European Journal of English Language and Literature Studies (EJELLS)

EA Journals


Mahmoud Dervesh and The Palestinian Resistance: A Study of His Selected Works (Published)

Palestinian poet Mahmoud Dervesh (1941-2008) also called “the Poet of the Resistance” wrote poems of resistance integral to every Arab’s consciousness which includes 30 poetry and prose collections, translated into 35 languages, making everybody hear about his love of his usurped homeland. His  poetic works such as Olive Leaves (1964), A Lover from Palestine (1966), Siege for the Praises of the Sea (1984) and Why Have you Left the Horse Alone (1995) have largely defined the Palestinian resistance. In 1997 a documentary was produced about him by French TV directed by noted French-Israeli director Simone Bitton. Darvesh is the recipient of many international literary awards including the Lotus prize in 1969, the Lenin prize in 1983, France’s highest medal as Knight of Arts and Belles Lettres in 1997 and the Moroccan Wissam of intellectual merit was handed to him by King Mohammad VI of Morocco. In 2001, he won the Lannan prize, a prize which recognizes people whose extraordinary and courageous work celebrates the human right to freedom, of imagination, inquiry, and expression for cultural freedom. Dervesh was a member of the Executive Committee of the PLO and as a result of his political activism, faced house arrest and imprisonment. He was also the editor in chief and founder of the prestigious literary review Al Karmel.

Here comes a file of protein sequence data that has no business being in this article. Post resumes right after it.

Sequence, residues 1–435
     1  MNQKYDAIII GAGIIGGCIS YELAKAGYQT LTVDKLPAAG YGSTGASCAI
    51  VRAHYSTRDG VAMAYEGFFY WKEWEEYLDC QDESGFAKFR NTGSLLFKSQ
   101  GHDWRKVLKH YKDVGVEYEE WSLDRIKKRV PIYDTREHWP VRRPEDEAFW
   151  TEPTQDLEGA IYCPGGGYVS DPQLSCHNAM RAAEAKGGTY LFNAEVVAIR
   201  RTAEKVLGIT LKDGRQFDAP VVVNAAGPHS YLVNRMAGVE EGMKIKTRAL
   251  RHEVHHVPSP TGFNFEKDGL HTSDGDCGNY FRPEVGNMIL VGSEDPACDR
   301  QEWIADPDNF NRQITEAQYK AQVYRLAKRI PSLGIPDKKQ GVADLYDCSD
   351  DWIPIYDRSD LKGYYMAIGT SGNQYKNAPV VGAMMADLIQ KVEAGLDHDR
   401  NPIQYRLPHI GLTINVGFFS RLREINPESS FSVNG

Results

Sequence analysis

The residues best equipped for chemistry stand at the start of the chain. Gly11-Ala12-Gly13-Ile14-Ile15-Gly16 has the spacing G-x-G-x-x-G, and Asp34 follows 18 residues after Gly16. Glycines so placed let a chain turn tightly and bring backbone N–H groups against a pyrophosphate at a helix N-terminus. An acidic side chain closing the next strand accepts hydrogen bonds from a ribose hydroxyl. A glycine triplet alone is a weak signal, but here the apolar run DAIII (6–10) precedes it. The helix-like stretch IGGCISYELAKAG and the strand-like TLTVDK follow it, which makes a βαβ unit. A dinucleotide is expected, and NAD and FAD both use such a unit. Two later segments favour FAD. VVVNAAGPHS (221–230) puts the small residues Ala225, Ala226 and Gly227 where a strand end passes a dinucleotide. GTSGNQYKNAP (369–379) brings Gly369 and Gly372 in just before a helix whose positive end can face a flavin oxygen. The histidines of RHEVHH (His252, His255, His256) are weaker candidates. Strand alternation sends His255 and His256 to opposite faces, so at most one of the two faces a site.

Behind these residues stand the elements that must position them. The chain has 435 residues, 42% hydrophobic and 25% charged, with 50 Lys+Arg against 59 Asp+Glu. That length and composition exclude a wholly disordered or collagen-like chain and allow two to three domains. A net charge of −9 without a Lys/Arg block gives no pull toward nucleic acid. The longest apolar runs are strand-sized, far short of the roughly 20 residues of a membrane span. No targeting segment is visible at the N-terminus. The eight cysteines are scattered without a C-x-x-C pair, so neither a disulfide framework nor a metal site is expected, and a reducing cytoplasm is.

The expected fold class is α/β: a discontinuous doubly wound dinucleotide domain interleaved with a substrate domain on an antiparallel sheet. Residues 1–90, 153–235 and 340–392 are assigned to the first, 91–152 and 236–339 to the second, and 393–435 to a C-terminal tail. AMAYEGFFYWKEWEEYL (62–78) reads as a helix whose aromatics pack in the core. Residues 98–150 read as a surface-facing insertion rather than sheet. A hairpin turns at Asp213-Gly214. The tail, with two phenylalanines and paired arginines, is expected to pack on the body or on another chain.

Keywords: Diaspora, Eden, Identity, Palestine, Refugee, Resistance, Zionist., dervish, exile., intifada

Universal Pro-Human Message Expressed in Diana Abu-Jaber’s Crescent (Published)

This paper attempts to tackle the most important humanistic themes dealt with in Diana Abu-Jaber`s novel Crescent (2003). The novel explores universal human themes connected with exile and the quest for identity. The story of Crescent is the story of the whole Arab immigrants living in exile. The novel revolves around a multi-cultural love story between an Iraqi man expelled out of his country and an Iraqi immigrant chef named Sirine. Diana highlights in the novel the painful feelings of people who leave their countries and live in exile. In many places, she refers to the sufferings of immigrants and what may occur to them in the countries they settle in. She further laments the real loss of depressed and frustrated people who are forced to leave their homelands. The writer`s prime focus on the humanistic, innovative, and compassionate aspects of Arab and Muslim culture is a proactive denouncement against the stereotyping viewpoints by which the majority of American people perceive refugees from middle-eastern countries. This biased view permitted the US government to rule the country over several years of military conflicts, binding force, and unattained human rights in Iraq with hardly any popular resistance. The researcher employs a critical and analytical approach in discussing the themes of the novel. This paper reveals the aesthetic dimensions in the story as realistic, romantic, and symbolic trends and how the writer combines them successfully to enhance the theme of human interaction within different ethnic groups.

Keywords: Culture, Identity, Immigrants, Middle East, crescent, exile.

Development of the Jordanian Novel and the Emergence of Manifestations of Alienation in it (Published)